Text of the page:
Since the start of the coronavirus pandemic through Nov. 12, 2020, the U.S. Department of Labor’s Occupational Safety and Health Administration (OSHA) has issued 232 citations arising from inspections for violations relating to coronavirus, resulting in proposed penalties totaling $3,148,452, according to a news release.
OSHA inspections have resulted in the agency citing employers for violations, including failures to:
- Implement a written respiratory protection program;
- Provide a medical evaluation, respirator fit test, training on the proper use of a respirator and personal protective equipment;
- Report an injury, illness or fatality;
- Record an injury or illness on OSHA recordkeeping forms; and
- Comply with the General Duty Clause of the Occupational Safety and Health Act of 1970
OSHA has already announced citations relating to the coronavirus arising out of 203 inspections, which can be found at dol.gov/newsroom. In addition to those inspections, the 29 inspections below have resulted in coronavirus-related citations totaling $296,919 from OSHA relating to one or more of the above violations from Nov. 6 to Nov. 12, 2020.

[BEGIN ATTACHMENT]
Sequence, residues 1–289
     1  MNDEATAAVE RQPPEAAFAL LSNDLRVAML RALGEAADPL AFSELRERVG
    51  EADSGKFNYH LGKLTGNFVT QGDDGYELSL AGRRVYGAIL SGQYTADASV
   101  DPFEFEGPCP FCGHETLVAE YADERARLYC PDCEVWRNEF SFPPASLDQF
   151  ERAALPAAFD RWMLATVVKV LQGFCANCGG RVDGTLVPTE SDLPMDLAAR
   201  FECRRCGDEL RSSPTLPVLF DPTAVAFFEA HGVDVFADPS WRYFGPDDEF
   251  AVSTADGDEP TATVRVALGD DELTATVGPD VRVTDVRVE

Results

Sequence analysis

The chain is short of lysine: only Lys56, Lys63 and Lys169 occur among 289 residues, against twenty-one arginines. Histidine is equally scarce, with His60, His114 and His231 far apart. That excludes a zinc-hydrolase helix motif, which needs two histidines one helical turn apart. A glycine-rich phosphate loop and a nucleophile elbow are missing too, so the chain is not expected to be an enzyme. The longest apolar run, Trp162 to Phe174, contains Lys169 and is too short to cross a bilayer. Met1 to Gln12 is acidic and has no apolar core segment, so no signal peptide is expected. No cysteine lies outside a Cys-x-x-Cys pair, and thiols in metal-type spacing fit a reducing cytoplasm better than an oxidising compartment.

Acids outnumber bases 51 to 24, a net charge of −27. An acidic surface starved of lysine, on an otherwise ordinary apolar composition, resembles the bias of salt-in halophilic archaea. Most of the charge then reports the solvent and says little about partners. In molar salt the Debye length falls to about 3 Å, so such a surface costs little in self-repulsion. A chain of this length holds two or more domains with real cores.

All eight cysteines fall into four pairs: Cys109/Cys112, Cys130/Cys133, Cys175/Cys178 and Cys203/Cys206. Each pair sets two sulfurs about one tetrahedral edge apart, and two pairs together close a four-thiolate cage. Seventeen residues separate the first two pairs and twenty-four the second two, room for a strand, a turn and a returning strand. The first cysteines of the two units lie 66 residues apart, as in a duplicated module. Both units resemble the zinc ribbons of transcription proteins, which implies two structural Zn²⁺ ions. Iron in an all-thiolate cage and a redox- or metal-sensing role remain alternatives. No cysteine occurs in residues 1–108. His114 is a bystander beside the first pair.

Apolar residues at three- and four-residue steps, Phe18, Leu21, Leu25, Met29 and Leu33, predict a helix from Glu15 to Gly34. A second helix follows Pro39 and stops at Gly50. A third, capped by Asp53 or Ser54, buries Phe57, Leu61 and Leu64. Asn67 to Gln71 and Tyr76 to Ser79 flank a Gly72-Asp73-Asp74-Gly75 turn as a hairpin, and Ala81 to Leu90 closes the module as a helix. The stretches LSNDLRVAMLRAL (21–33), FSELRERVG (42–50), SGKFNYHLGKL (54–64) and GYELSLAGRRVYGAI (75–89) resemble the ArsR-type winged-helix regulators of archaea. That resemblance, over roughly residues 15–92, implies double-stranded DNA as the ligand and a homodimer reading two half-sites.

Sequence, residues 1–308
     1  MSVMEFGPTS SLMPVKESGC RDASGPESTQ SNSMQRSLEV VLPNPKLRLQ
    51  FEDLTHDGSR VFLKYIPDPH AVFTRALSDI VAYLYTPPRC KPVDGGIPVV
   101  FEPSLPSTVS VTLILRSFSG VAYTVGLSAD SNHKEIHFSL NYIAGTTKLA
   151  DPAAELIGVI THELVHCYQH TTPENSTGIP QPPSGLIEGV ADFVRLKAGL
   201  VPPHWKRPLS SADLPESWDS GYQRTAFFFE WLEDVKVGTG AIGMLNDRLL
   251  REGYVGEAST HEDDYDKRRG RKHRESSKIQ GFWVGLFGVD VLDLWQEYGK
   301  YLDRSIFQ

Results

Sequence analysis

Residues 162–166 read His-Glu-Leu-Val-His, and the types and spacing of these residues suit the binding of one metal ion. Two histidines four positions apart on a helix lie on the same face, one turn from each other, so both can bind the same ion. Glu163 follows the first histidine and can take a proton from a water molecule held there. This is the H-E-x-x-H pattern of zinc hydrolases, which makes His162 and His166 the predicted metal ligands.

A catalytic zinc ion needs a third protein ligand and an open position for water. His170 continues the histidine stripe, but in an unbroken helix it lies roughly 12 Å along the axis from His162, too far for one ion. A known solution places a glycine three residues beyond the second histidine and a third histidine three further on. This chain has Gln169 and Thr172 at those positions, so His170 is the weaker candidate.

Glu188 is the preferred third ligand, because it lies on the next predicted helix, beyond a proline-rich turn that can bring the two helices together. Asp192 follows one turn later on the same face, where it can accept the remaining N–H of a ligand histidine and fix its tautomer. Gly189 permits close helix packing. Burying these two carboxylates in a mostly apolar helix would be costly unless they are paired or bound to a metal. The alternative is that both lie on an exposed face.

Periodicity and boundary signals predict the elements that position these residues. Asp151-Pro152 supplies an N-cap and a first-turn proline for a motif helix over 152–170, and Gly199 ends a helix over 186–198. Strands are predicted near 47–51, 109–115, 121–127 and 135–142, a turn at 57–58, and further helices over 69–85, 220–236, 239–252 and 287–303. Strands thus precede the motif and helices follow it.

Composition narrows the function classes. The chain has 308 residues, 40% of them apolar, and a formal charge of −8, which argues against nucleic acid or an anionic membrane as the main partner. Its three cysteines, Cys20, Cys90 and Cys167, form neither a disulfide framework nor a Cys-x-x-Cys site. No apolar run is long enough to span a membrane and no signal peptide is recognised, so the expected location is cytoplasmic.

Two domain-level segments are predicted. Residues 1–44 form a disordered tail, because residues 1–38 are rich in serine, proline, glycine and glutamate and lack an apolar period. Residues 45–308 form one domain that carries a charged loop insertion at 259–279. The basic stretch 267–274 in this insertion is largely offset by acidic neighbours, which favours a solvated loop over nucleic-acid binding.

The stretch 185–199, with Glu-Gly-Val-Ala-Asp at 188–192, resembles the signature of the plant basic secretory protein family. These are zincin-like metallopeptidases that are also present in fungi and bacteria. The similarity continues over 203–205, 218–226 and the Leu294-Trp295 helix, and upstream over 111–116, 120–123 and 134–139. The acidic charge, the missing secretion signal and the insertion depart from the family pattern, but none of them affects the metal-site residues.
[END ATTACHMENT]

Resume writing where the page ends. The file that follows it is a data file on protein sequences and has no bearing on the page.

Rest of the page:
OSHA provides more information about individual citations at its Establishment Search website, which it updates periodically.
Resources are available on the agency’s COVID-19 webpage to help employers comply with these standards.
Under the Occupational Safety and Health Act of 1970, employers are responsible for providing safe and healthful workplaces for their employees. OSHA’s role is to help ensure these conditions for America’s working men and women by setting and enforcing standards and providing training, education and assistance. For more information, visit www.osha.gov.
The mission of the Department of Labor is to foster, promote and develop the welfare of the wage earners, job seekers and retirees of the United States; improve working conditions; advance opportunities for profitable employment; and assure work-related benefits and rights.